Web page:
Fake yuan warning as Christmas approaches
A noticeable increase in the seizure of counterfeit mainland banknotes in Hong Kong this year has prompted police to warn the public to be aware of fakes in the lead-up to Christmas.
Latest figures show the number of bogus yuan notes in different denominations increased by 25 per cent to 7,406 in the first 10 months of this year, compared with 5,930 in all of last year. There were 5,101 fake notes discovered in 2005.
Police said most of the forgeries were 100 yuan bills. In the first 10 months, 5,789 forged 100 yuan notes were seized, 22 per cent more than the 4,739 discovered in the whole of last year.
The number of counterfeit 20 yuan notes discovered increased sharply to 433 in the first 10 months of this year compared to 93 in the whole of last year. There were 930 fake 50 yuan bills and 251 bogus 10 yuan notes in the same period.
Police said most of the counterfeit banknotes were detected when deposited in banks.
'As the volume of renminbi banknotes flowing into the Hong Kong banking system has immensely increased, it is not surprising to find that the number of counterfeit renminbi has surged,' a police spokesman said.
'Officers of the Commercial Crime Bureau will maintain their efforts in combating counterfeit banknote activities in Hong Kong.'
He added the bureau regularly met their mainland and overseas counterparts to exchange intelligence on the currency counterfeiting problem.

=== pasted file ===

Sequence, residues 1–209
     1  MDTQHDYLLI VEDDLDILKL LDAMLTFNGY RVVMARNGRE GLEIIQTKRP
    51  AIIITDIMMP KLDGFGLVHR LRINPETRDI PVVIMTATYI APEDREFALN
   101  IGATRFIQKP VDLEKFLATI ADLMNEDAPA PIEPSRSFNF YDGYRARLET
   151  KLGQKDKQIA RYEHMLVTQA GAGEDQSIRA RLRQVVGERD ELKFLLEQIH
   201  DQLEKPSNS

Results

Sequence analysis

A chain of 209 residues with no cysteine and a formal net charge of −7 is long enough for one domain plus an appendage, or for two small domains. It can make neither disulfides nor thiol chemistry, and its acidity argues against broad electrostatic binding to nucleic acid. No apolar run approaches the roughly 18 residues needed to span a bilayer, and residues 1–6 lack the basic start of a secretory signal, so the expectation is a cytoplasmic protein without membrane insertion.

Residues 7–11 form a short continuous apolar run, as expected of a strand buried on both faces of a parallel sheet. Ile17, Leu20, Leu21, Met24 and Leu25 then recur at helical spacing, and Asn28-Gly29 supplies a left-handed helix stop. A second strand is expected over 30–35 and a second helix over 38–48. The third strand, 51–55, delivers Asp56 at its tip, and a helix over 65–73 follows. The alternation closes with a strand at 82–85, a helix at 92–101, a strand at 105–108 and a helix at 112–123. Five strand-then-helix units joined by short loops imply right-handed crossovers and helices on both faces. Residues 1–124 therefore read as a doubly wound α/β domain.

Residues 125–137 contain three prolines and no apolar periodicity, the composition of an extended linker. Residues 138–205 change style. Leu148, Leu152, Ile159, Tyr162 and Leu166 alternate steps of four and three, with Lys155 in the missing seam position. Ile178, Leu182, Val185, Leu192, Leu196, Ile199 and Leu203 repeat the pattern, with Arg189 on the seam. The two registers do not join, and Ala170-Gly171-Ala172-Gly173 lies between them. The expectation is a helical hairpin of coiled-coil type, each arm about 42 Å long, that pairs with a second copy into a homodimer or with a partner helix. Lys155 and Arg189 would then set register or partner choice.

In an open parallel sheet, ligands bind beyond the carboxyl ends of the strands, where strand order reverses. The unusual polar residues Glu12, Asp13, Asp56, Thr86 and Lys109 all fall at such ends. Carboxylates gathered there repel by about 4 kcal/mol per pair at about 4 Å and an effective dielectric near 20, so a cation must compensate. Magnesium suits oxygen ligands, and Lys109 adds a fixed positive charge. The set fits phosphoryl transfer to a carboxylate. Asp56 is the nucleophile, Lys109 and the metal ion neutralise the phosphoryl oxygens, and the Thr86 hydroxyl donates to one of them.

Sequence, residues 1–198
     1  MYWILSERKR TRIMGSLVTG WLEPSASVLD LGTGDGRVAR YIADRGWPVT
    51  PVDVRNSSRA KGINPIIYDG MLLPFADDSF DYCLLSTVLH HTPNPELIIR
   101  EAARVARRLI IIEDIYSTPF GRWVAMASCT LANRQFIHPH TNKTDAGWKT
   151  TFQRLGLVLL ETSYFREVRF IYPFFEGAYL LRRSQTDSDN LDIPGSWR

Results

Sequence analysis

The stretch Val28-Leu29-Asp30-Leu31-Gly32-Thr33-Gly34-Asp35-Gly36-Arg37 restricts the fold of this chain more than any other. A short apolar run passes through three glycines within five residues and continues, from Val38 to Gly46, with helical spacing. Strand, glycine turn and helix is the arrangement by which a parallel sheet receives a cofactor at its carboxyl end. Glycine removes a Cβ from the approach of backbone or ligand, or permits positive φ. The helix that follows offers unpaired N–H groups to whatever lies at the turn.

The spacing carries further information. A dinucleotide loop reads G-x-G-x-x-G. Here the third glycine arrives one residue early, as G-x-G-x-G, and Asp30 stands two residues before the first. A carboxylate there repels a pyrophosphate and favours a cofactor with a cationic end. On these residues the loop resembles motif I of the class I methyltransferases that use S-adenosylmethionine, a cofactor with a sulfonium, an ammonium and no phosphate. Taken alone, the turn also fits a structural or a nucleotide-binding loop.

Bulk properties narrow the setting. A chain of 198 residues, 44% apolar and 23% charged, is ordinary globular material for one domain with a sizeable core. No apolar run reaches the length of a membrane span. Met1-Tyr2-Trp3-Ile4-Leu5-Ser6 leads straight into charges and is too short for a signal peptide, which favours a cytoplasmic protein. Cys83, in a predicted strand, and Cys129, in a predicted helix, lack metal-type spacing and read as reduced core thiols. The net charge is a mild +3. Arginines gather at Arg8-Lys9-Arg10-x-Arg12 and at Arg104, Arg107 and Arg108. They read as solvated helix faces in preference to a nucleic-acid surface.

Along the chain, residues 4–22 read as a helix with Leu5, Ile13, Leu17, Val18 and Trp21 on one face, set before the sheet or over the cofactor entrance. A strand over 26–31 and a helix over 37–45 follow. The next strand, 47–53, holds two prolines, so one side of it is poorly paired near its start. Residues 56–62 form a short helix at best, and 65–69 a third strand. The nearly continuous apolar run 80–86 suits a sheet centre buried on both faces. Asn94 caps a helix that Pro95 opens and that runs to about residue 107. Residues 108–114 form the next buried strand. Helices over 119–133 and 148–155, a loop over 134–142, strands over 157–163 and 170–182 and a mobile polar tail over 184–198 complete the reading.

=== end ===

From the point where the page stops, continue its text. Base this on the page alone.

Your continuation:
The yuan has become more prevalent in Hong Kong as more department stores and shops accept the currency.
According to police, the forgeries incorporated security features such as watermarks and security threads.
Chief Inspector Yu Shi-cheung, who has been the police counterfeit expert for more than 20 years, said the quality of bogus mainland banknotes was considered to be 'average' and could be easily detected by examining the security features.
'Unlike genuine notes, the fakes are made by offset printing so that bogus bills do not have an embossed effect,' he said.
'The watermark in forged notes is unclear and blurred but the watermark in genuine notes is clear and sharp.'
But Mr Yu said the public and retailers should be aware of fakes.
'If you receive a note, you should spend a little time to have a look at it and check its security features,' he said.
Although the number of seized bogus Hong Kong banknotes in different denominations dropped to 4,500 in the first 10 months of this year from 6,681 for all of last year, there has been a sharp increase in fake HK$1,000 notes seized this year.
Figures show there were 2,717 fake HK$1,000 notes seized, 92 per cent more than the 1,416 found in the whole of last year.
The number of bogus HK$1,000 notes seized in a March raid which saw such seizures leap 92 per cent from the previous year: 1,721